Dual boot on a SDD

Oct 30, 2015

Some steps to install Ubuntu alongside Windows 8.1 on a MSI GE72 2QE laptop with a HDD + SDD setup.

My old LG laptop was unusable for my work. Random shutdowns and overheating was some of the problems.

As I work with Machine Learning, I needed a computer with a powerful GPU, so I bought a gamer laptop: a MSI GE72-2QE Apache.

It came with Windows 8.1, which I wanted to keep for some image editing softwares and gaming. However, I use Linux for programming, so my task was clear:

I needed Dual Boot with Ubuntu + Windows 8.1.

Then my nightmare started.

After lots of hours lost and many problems, I achieved my goal. I’ll not tell much more about what I did wrong but I’ll keep a record of what did work. I’m not sure about everything here being necessary, but after I succeeded I didn’t retry to find the minimal amount of steps. Maybe in the next time.

Creating a bootable USB device

YUMI didn’t work for me, nor did any other Windows software, so I had to find another way.

The solution was to use USB image writer, available in Linux Mint by default. It happens that a friend uses Mint, so I created the bootable pendrive with his help.

Windows 8.1 setup

Here I just disabled fast startup.

To do so, we need to access the power options: just click the battery icon on the tray and select “Choose what the power button do” on the left. On the new screen we have the option to disable fast startup under “Shutdown settings”.

BIOS setup

To access the BIOS, we can press the DELETE key on startup, but we need to do this quickly, before giving it time to enter Windows.

An alternative is to hold SHIFT before clicking the restart option on Windows. It’ll open a screen with some options and we need to select “Troubleshoot > Advanced options > UEFI Firmware settings”.

Once in the BIOS screen, we need to set the following:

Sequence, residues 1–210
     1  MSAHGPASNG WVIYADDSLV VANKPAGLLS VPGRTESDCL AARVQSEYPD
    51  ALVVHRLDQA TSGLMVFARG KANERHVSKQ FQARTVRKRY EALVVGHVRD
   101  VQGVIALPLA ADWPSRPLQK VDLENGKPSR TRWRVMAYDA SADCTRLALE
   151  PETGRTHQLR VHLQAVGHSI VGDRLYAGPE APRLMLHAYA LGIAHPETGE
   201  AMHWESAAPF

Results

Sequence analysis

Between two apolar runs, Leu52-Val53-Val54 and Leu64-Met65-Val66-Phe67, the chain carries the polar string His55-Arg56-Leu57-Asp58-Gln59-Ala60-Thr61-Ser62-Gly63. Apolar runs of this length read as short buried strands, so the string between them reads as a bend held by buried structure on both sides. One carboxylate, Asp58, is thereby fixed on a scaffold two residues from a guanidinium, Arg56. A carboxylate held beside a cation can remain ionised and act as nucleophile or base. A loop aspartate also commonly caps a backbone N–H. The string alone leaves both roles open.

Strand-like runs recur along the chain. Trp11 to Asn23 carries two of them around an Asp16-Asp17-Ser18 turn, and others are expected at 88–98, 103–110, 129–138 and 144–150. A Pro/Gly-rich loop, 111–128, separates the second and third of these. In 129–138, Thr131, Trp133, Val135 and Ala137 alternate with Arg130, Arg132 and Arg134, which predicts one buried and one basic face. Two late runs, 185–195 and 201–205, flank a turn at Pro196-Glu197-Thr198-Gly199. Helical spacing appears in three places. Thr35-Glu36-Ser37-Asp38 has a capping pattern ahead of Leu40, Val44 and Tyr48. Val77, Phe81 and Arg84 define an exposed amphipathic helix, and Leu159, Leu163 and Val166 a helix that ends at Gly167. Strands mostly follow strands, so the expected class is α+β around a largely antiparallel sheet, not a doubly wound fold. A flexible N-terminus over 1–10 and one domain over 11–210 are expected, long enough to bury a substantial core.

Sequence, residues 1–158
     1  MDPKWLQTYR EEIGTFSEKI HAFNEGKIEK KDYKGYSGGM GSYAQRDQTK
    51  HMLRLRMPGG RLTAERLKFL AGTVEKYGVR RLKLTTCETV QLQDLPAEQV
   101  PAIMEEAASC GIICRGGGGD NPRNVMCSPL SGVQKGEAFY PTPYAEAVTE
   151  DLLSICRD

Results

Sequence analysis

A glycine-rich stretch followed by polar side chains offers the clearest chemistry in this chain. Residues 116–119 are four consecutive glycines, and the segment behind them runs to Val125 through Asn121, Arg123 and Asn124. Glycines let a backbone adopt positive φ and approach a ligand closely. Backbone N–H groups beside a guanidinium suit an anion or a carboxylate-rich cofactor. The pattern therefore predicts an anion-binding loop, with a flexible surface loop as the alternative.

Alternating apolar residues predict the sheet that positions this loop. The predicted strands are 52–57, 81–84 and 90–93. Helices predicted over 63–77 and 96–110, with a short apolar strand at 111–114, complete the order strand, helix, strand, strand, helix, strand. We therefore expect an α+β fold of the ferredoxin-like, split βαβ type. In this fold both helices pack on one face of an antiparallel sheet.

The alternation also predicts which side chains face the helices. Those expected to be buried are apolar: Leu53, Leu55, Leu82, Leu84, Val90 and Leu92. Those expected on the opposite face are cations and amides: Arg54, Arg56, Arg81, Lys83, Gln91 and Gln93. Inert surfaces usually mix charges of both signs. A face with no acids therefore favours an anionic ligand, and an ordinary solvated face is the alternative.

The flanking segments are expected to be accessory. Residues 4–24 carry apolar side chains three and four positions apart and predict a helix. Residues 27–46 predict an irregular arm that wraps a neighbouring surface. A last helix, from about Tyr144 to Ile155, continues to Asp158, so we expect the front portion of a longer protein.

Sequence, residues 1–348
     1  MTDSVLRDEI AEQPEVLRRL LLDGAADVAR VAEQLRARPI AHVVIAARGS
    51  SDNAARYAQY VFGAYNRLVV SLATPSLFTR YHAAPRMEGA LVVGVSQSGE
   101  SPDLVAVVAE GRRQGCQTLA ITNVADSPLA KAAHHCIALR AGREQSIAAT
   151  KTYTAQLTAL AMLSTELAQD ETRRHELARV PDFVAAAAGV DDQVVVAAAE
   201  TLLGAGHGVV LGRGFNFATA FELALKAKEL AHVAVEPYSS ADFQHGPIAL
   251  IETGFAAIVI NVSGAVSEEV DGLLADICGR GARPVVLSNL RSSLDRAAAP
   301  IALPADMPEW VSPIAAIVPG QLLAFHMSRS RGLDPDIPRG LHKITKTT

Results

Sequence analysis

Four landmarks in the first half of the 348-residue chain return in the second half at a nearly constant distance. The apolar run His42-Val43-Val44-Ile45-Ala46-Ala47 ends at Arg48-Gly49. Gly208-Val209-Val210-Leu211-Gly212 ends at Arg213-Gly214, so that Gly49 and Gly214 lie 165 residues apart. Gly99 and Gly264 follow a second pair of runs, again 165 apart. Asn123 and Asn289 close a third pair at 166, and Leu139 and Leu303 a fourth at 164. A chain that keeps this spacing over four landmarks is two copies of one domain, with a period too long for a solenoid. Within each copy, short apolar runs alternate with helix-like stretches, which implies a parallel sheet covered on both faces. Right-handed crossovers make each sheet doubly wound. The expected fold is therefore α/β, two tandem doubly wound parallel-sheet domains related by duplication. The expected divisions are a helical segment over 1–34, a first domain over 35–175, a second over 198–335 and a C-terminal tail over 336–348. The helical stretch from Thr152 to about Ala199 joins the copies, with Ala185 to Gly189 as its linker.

• Secure Boot: Disable
  • Fast Boot: Disable
  • Boot mode select: LEGACY
  • Change boot order: select your USB drive

Installing Ubuntu

With the bootable pendrive inserted, restart the computer and keep pressing F10. Then select your USB device on the list that will show up.

Choose your installation options as usual and do a manual installation. This is important, as otherwise you can just erase your Windows installation.

When selecting the partitions, I choose to boot Ubuntu from the SSD, but as it’s a relatively small unit with only 128 GB, I decided to put only the /root and the /boot partition on it. On the HDD I put /home and /var/lib/docker, as I use Docker and it can consume a lot of storage for containers and images.

Putting everything together, this was my setup:

  • /root: 25 GB in SSD.
  • /boot: 256 MB in SSD.
  • /home: 92 GB in HDD.
  • /var/lib/docker: 46 GB in HDD

Fixing GRUB

After installing Ubuntu, I couldn’t access Windows anymore, as the boot loader got messed up. I used the great Boot-Repair tool to fix it. If you can’t access your Ubuntu installation, just use the live option in the installation pendrive.

Open a terminal and run:

sudo add-apt-repository ppa:yannubuntu/boot-repair
sudo apt-get update
sudo apt-get install -y boot-repair && boot-repair

After rebooting you should be able to choose your OS from GRUB’s list.

Fixing SteelSeries Engine keyboard

The last problem I had was that the keyboard customization stopped working after all this process. The solution for this was to update the BIOS and to reinstall the keyboard driver.

I downloaded it the BIOS software from here.

To reinstall the driver I just uninstalled the old one under device manager and rebooted the machine to let it auto-install the driver.

Written by Allan Costa

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